French President Emmanuel Macron has won a second term in office, defeating his far-right rival Marine Le Pen by a comfortable margin in a runoff election.
His supporters erupted with joy on Sunday as the results appeared on a giant screen at the Champ de Mars park by the Eiffel tower. Leaders in Berlin, Brussels, London and beyond welcomed his defeat of the nationalist, eurosceptic Le Pen.
With nearly all votes counted, Macron was on course for a solid 58.6 percent of the vote, according to interior ministry figures. Le Pen, the candidate of the far-right National Rally party (Rassemblement National or RN), received 41.4 percent of the votes, the highest in her last three unsuccessful presidential bids.
In his victory speech, Macron acknowledged that many had only voted for him only to keep Le Pen out and promised to address the sense of many French that their living standards are slipping.
“Many in this country voted for me not because they support my ideas but to keep out those of the far-right. I want to thank them and know I owe them a debt in the years to come,” the 44-year-old said.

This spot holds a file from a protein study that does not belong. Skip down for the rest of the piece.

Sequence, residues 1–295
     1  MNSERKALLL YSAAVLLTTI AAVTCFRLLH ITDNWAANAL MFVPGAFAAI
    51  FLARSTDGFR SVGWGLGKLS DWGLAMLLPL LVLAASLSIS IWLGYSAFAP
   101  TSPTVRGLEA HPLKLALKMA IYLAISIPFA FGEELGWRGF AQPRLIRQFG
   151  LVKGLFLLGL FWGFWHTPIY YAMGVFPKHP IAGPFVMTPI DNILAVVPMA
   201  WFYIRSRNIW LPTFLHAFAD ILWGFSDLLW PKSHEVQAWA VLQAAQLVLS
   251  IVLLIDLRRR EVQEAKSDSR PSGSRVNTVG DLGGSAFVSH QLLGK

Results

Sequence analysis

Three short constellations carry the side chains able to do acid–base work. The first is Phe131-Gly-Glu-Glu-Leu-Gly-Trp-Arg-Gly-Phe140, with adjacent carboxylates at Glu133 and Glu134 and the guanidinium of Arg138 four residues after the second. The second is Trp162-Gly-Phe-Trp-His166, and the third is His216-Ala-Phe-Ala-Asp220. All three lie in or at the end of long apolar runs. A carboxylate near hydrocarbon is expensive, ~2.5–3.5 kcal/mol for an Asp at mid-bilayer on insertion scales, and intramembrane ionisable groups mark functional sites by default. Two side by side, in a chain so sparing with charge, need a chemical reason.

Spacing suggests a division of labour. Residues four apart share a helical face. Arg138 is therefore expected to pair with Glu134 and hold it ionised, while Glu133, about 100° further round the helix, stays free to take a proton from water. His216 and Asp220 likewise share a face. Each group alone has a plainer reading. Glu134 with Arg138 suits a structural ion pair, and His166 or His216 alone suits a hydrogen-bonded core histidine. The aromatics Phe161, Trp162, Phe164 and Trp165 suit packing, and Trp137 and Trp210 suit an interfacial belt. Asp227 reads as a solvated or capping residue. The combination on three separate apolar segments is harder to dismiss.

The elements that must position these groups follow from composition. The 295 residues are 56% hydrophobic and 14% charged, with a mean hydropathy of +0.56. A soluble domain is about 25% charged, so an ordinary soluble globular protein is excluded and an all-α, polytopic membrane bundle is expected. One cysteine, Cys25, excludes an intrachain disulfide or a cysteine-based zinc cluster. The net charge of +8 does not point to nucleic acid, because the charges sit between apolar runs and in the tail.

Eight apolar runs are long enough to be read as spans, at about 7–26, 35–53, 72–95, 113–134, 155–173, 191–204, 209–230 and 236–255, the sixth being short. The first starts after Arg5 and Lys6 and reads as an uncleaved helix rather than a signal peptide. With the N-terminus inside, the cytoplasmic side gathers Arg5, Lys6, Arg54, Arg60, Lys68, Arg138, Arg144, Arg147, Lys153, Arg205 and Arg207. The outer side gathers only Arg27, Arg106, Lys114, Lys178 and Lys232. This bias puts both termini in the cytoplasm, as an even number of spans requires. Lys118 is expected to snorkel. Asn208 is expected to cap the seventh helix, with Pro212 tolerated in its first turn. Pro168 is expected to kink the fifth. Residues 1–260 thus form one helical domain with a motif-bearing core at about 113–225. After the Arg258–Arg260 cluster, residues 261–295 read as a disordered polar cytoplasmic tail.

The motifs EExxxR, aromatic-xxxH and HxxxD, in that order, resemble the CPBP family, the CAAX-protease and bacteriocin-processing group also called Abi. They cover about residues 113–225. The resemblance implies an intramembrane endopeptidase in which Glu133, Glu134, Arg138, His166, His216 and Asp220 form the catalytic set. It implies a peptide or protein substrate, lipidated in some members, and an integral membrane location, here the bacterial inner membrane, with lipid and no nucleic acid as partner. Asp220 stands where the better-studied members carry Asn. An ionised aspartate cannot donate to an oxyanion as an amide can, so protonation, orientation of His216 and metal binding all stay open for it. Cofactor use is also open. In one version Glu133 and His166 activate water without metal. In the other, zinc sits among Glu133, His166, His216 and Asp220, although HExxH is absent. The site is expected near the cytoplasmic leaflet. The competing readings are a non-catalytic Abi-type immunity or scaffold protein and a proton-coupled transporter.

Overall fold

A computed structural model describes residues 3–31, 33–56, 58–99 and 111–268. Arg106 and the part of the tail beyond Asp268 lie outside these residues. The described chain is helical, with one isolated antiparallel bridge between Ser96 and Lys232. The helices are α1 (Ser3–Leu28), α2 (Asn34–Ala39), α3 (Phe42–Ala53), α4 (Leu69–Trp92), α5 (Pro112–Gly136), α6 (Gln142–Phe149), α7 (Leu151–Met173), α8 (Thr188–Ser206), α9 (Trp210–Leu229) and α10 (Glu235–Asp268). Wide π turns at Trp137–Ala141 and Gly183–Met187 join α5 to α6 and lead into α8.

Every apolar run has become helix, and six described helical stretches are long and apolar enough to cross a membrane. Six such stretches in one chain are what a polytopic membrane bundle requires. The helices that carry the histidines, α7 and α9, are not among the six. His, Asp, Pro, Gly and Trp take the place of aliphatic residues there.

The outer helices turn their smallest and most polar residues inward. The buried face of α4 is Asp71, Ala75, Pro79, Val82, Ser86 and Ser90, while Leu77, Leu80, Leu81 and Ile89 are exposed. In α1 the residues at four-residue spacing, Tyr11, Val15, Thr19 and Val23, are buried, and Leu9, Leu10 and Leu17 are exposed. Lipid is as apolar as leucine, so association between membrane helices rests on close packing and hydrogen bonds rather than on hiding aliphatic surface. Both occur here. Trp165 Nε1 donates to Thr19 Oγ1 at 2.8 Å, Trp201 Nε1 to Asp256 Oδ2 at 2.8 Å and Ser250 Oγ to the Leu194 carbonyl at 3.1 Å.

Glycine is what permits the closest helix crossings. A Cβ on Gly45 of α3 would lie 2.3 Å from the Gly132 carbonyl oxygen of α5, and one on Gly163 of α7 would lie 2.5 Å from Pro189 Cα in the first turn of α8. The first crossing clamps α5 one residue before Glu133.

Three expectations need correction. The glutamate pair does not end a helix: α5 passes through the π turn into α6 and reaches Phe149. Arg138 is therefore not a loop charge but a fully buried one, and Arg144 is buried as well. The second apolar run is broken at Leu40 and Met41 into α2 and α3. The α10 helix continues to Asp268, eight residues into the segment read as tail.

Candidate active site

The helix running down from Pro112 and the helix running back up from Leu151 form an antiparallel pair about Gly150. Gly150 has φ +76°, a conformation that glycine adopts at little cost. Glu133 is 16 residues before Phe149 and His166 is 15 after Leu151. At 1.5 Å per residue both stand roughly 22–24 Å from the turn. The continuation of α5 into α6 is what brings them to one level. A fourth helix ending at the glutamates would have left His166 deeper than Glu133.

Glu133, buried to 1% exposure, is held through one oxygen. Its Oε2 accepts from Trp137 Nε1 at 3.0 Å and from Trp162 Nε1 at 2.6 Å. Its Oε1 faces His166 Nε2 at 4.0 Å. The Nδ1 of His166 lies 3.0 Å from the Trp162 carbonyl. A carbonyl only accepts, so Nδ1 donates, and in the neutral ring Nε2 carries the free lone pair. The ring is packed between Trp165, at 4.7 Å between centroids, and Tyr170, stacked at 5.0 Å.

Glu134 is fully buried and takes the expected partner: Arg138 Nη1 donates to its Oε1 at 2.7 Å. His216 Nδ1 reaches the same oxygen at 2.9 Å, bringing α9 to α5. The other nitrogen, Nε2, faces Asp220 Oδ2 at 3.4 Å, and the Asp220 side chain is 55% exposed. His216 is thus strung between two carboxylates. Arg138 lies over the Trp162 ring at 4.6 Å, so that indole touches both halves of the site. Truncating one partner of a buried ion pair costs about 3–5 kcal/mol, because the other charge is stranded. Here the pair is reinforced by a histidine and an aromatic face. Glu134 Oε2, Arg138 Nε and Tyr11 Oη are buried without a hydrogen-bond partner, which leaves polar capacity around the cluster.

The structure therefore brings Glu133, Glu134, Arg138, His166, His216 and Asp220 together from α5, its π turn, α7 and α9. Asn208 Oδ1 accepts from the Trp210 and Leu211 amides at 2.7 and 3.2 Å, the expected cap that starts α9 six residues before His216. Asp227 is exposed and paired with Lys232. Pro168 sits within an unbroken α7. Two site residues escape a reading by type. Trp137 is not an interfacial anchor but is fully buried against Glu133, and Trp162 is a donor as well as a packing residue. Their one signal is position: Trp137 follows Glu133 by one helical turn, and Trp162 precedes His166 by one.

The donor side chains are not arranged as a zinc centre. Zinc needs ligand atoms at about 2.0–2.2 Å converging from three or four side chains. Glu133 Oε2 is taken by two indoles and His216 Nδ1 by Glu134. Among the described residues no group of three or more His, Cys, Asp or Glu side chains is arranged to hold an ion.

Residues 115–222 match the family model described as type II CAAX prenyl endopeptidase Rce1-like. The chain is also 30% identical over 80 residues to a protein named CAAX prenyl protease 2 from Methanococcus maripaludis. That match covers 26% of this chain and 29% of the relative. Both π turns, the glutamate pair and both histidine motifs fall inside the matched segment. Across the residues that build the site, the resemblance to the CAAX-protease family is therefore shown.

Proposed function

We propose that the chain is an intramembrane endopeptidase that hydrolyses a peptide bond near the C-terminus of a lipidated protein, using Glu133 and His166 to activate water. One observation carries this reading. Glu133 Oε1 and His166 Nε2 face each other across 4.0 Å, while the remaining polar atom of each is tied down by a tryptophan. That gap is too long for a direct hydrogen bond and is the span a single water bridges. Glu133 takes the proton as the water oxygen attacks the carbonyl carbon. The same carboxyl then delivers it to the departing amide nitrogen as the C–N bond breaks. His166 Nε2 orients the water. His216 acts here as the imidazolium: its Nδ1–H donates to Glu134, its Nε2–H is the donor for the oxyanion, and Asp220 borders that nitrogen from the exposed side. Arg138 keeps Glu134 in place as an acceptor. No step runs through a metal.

He also promised to address the “anger and the disagreements” that led to many French voters choosing the extreme right, saying “This will be my responsibility and that of those around me.”
“No one in France will be left by the wayside,” he continued, pledging to be a “president for all”.
Macron is the first French president to win a second term for two decades, but Le Pen’s result also marks the closest the far-right has ever come to taking power in France and has revealed a deeply divided nation.